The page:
The ETAS-PCR/Vgsc-1014 multiplex reaction was performed in a total volume of 25 µl containing 10 ng of gDNA, 200 µM each dNTP, 1× PCR buffer, 0.2 units HotStartTaq DNA polymerase (Qiagen), 0.6 µM universal reverse primer Vgsc-1014/R, 0.35 µM of the specific forward primers (Vgsc-1014/F-T and Vgsc-1014/F-C) and 0.3 µM of the Vgsc-1014/F-A primer (Table 1). After initial denaturation at 95 °C for 15 min, amplification was performed for 40 cycles of 94 °C for 30 s, 59 °C for 30 s, and 72 °C for 30 s, followed by a final extension step of 72 °C for 10 min.
After amplification, the ETAS-PCR/Vgsc-1014 multiplex products were digested with FastDigest Eco32I restriction enzyme (Thermo Scientific, United Kingdom) in a final reaction volume of 30 µl including 10 µl of the PCR product, 2 µl of 10× FastDigest Green buffer, 1.5 µl of FastDigest enzyme and 17 µl distilled water. The reaction was incubated at 37 °C for 10 min. Finally, 10 µl of digestion reaction was loaded on a 3% agarose gel.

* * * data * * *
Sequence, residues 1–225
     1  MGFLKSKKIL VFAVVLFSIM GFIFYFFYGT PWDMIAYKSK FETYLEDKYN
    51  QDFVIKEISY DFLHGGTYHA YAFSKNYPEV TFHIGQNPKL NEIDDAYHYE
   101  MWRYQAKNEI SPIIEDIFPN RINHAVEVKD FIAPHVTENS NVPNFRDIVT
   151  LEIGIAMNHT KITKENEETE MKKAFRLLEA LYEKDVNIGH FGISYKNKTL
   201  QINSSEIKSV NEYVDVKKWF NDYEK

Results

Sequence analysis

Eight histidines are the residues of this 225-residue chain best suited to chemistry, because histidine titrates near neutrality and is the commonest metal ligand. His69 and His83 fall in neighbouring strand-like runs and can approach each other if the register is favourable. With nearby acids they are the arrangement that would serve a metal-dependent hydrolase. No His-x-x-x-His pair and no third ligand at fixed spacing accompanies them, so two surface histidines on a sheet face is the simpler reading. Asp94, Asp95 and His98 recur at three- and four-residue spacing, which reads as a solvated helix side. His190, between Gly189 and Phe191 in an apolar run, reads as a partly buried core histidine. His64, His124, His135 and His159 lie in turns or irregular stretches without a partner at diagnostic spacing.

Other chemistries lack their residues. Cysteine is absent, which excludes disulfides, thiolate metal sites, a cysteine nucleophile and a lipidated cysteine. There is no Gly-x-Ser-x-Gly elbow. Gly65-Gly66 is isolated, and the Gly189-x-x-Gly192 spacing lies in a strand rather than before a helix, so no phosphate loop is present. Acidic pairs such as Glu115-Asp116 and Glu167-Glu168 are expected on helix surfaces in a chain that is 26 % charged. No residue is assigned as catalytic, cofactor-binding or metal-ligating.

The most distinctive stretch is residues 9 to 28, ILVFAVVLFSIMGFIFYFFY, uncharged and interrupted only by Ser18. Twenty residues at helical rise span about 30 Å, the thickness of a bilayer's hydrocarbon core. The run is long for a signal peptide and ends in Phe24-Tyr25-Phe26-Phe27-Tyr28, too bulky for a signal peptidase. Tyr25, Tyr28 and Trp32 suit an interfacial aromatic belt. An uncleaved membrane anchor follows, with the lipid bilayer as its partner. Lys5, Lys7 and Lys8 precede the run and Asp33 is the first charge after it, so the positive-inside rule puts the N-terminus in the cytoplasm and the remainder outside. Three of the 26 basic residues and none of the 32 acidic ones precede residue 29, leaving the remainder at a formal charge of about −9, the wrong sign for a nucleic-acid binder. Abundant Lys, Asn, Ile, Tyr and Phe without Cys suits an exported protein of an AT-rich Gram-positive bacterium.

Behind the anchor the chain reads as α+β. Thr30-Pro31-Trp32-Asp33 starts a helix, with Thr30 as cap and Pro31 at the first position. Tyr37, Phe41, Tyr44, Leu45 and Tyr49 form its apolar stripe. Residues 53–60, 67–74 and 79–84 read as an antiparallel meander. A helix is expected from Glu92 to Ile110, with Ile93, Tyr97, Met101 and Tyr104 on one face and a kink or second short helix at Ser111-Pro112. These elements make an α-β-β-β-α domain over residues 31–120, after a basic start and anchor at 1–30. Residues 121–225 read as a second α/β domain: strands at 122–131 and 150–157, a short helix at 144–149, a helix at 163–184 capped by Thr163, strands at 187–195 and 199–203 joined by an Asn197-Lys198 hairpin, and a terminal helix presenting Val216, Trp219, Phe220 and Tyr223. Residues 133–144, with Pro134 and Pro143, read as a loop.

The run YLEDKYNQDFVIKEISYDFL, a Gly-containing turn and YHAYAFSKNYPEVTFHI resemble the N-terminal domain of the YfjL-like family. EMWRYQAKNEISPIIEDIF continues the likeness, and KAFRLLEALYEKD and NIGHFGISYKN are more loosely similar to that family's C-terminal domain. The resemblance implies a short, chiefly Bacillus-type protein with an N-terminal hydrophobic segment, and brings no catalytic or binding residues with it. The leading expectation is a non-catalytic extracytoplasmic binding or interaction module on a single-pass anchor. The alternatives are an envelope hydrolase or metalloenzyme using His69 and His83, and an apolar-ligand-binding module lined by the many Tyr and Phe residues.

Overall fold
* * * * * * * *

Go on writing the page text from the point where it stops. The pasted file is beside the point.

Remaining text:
Vgsc-1014 Screening by pyrosequencing assay
For pyrosequencing genotyping, PCR reactions were performed in a total of 25 µl containing 10 ng of gDNA, 200 µM of each dNTP, 1× PCR buffer, 2.0 mM MgCl2, 0.6 units of HotStartTaq DNA polymerase (Qiagen) and 0.4 µM of primers pyr-Vgsc-F and pyr-Vgsc-R (Table 1) . After initial denaturation at 95 °C for 15 min, PCR amplification was performed for 40 cycles of 94 °C for 30 s, 58 °C for 30 s, and 72 °C for 30 s, followed by a final extension step at 72 °C for 10 min.